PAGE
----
As a cantor, I’ve accompanied many people and families through the loss and grief of their loved ones, and more than once read the passage from Ecclesiastes at a funeral or shiva visitation: “For everything there is season, a time for every experience under heaven… a time to grieve and a time to dance…”
But nothing could have prepared me for what happened seven months ago.
A month and a day after I gave birth to my beautiful son, Solomon, my mom passed away after a long battle against ovarian cancer. I did not get to see her before she passed. I did not get to hug her and kiss her. I did get to “see” her over FaceTime and told her how much I loved her, but I did not get to whisper it into her ear. (FaceTime was also the miracle of technology that allowed her to be at my son’s bris.)
I didn’t get to do any of these things because my parents live in Argentina (I moved to the USA nine years ago). I was too far into my pregnancy to fly when she took a turn for the worse, and I had a 1-month-old baby to care for when she passed. I remember nursing my son to sleep, holding him with one hand, and with the other writing a eulogy in my phone using Whatsapp so that it would make it on time for the burial.
In the midst of the sorrow and confusion, sleep deprivation, more nursing and changing diapers, FaceTime calls with my dad and sister, a shower here and there, and healing from the efforts of natural labor, I wondered: If there is in fact a time for everything under heaven, why did my mom’s death and my son’s birth have to overlap? Why couldn’t I have been granted the time to mourn and grieve in its entire dimension, and the time to begin my journey, my dance, as a new mom?
I’ve always particularly admired the rules that Judaism gifts us for someone going through the loss of a loved one. It is a wise framework that guides families during those difficult times. There is a time to cry and feel sorrow, and a time to remember and honor. A time to stay home and receive visitors, and a time to go outside and enjoy fresh air. A time to wear jammies, to not leave bed; a time to shower, dress up, and go back into the world. There is shiva and shloshim and the one year anniversary… but not for me.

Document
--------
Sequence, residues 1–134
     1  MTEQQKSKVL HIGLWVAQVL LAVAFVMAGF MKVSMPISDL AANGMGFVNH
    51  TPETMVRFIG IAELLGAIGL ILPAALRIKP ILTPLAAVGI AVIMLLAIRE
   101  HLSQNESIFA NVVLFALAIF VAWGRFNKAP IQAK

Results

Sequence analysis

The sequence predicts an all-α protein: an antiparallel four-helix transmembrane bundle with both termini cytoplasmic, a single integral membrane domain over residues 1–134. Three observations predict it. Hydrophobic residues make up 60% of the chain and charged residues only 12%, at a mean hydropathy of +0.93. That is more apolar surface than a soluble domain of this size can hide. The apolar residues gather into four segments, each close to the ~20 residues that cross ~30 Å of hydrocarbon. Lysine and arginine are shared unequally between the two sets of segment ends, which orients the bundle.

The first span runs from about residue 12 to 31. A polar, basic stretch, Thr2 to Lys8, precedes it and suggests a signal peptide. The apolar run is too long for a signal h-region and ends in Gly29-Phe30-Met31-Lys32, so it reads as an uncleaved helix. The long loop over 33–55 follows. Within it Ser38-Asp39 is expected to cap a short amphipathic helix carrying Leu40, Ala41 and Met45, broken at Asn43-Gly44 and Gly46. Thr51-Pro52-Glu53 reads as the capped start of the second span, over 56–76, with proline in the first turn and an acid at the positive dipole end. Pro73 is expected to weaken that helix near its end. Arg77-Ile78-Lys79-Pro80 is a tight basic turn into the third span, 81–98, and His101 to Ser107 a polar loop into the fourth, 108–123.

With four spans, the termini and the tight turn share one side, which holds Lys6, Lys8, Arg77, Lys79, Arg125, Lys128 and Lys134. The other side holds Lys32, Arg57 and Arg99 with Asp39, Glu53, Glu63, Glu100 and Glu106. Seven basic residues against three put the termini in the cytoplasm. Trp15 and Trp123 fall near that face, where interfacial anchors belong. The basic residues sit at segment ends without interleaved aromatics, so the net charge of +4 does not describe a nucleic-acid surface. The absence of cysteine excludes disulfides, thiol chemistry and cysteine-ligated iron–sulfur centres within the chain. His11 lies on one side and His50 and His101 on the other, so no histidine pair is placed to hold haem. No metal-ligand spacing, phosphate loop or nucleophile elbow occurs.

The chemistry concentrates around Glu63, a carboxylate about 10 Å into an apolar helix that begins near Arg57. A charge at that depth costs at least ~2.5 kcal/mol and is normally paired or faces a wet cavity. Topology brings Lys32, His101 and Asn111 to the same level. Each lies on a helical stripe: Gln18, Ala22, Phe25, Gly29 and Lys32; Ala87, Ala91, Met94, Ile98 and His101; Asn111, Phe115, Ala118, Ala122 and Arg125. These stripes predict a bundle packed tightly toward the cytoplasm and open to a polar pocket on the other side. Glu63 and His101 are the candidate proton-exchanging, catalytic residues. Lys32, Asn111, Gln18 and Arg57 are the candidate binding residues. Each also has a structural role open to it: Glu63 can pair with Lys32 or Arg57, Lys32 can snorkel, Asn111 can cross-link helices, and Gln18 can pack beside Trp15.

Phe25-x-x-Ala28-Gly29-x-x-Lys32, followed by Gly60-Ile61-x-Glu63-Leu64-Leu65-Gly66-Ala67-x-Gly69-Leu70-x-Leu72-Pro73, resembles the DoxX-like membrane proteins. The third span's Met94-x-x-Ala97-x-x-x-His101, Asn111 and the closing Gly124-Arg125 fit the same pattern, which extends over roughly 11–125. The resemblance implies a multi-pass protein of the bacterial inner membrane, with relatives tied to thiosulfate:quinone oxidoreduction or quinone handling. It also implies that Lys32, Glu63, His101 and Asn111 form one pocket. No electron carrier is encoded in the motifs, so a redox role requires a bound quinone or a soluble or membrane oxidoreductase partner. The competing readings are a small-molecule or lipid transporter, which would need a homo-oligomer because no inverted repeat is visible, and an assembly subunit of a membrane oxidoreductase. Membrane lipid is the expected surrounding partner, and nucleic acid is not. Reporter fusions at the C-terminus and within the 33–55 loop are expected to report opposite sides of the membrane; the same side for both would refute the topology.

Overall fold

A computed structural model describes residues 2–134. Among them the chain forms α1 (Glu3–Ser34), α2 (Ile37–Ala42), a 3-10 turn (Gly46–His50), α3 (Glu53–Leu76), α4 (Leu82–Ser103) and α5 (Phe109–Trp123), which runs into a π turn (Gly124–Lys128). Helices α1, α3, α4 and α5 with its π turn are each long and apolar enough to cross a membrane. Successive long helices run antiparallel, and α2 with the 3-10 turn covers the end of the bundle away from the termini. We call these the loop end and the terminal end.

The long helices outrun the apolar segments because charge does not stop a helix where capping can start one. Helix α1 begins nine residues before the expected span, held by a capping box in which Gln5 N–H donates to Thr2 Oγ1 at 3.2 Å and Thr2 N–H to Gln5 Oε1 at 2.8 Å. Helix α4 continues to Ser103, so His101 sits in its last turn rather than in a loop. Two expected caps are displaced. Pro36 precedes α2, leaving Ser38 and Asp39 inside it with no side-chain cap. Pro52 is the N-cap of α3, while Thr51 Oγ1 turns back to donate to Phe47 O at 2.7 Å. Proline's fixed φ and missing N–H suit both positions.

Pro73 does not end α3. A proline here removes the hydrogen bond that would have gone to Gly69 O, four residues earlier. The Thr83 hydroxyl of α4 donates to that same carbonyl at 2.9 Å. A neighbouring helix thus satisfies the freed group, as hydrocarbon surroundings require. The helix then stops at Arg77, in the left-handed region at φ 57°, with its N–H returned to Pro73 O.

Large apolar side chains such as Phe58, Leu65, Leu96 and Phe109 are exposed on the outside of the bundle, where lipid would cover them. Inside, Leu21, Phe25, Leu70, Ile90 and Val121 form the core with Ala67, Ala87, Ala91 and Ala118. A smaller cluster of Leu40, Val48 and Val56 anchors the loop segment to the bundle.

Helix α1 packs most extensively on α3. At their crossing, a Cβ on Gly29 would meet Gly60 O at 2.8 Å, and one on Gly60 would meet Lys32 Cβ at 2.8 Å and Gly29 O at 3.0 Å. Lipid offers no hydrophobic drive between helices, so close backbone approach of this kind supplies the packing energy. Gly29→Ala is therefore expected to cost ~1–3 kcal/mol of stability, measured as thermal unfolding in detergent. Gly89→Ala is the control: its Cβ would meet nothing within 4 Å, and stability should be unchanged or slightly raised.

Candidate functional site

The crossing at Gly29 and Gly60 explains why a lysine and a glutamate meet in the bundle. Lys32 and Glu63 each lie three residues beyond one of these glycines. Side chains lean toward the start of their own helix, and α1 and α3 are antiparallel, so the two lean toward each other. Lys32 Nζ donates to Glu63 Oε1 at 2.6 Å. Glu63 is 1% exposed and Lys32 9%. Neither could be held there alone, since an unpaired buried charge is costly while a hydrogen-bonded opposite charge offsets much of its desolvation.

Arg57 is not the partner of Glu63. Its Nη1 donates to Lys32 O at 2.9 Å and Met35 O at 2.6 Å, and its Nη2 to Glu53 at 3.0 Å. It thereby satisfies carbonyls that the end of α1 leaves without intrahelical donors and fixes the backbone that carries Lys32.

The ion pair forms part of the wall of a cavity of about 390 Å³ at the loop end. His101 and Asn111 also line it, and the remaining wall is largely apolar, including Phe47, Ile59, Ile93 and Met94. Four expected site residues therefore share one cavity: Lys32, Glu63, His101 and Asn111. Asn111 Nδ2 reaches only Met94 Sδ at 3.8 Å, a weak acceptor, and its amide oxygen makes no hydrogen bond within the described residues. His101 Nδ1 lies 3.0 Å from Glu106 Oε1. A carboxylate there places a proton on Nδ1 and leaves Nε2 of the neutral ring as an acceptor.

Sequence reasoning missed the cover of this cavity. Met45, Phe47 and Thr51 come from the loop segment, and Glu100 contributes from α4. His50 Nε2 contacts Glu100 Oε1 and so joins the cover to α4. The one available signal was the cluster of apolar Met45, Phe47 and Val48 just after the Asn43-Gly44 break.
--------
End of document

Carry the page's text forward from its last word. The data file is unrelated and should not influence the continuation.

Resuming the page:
Don’t get me wrong, I was grieving on a schedule, only it wasn’t mine, nor was it like the one that Judaism provides. It was my son’s schedule. I would cry when he would go down for a nap (yes, I would do that instead of taking that precious time to shower or nap myself). I would miss being able to call my mom for advice. She was my best friend and I needed her during those times when I felt completely overwhelmed with motherhood. I would get on the phone with my sister or dad to talk about my mom, her kindness, beauty, and sensitivity, but only for a short few minutes when our conversation would be interrupted by Solomon waking up from his nap or crying for a reason I couldn’t always identify.
And then, there were the few seconds, perhaps a few minutes spread out here and there, when my baby would allow for the thoughts and emotions to flow freely. And there was guilt, because I wasn’t giving my baby my full attention; neither was I fully mourning my mother. And so, I kept wondering, when will I have my time to mourn, the time to do it the “Jewish way”?
It’s now been seven months since my mom passed, and this is what I’ve learned: I won’t have it the Jewish way. At least not in its traditional way. But the ways in which I’ve been able to journey through my sorrow are extremely Jewish. I think about my mom when I look into my son’s big, beautiful blue eyes and hope he’ll observe the world with the same kindness she did. I think about her when I imagine her excitement with his accomplishments—first time rolling over, first time crawling, first time eating banana and rice cereal! I think about her with my son’s joy when reading a book or listening to music, and I hope he will have her appreciation for art and beauty. And when my baby naps, I think about the countless ways in which I hope my son will take after my mother in character, strength, intelligence, humor, gentleness, and humility.
These are the times and ways in which I think about her and I grieve, and those times are completely intertwined with my son.
That’s right. I’m grieving on a schedule; it isn’t mine, it is my son’s. It isn’t the Jewish way, but it is my Jewish way. And I wouldn’t want to have it any other way.